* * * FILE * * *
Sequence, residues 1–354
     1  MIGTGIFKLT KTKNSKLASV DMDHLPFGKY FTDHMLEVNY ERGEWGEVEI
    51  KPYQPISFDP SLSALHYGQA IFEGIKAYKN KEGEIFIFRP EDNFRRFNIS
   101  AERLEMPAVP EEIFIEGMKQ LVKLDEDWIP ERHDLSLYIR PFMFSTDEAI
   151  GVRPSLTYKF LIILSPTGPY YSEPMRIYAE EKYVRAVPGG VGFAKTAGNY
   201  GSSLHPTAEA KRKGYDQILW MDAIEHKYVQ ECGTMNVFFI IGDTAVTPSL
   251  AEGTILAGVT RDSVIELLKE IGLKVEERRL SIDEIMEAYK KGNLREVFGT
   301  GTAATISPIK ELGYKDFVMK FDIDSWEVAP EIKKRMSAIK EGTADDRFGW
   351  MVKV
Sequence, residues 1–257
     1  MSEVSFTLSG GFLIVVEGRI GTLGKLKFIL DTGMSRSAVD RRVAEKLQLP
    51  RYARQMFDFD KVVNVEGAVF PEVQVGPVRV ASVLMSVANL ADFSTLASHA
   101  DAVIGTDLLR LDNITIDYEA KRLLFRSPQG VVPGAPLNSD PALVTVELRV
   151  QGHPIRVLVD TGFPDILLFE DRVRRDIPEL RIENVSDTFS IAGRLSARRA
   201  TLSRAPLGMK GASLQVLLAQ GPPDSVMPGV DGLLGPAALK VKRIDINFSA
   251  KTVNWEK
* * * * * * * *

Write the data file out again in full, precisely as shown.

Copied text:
Sequence, residues 1–354
     1  MIGTGIFKLT KTKNSKLASV DMDHLPFGKY FTDHMLEVNY ERGEWGEVEI
    51  KPYQPISFDP SLSALHYGQA IFEGIKAYKN KEGEIFIFRP EDNFRRFNIS
   101  AERLEMPAVP EEIFIEGMKQ LVKLDEDWIP ERHDLSLYIR PFMFSTDEAI
   151  GVRPSLTYKF LIILSPTGPY YSEPMRIYAE EKYVRAVPGG VGFAKTAGNY
   201  GSSLHPTAEA KRKGYDQILW MDAIEHKYVQ ECGTMNVFFI IGDTAVTPSL
   251  AEGTILAGVT RDSVIELLKE IGLKVEERRL SIDEIMEAYK KGNLREVFGT
   301  GTAATISPIK ELGYKDFVMK FDIDSWEVAP EIKKRMSAIK EGTADDRFGW
   351  MVKV
Sequence, residues 1–257
     1  MSEVSFTLSG GFLIVVEGRI GTLGKLKFIL DTGMSRSAVD RRVAEKLQLP
    51  RYARQMFDFD KVVNVEGAVF PEVQVGPVRV ASVLMSVANL ADFSTLASHA
   101  DAVIGTDLLR LDNITIDYEA KRLLFRSPQG VVPGAPLNSD PALVTVELRV
   151  QGHPIRVLVD TGFPDILLFE DRVRRDIPEL RIENVSDTFS IAGRLSARRA
   201  TLSRAPLGMK GASLQVLLAQ GPPDSVMPGV DGLLGPAALK VKRIDINFSA
   251  KTVNWEK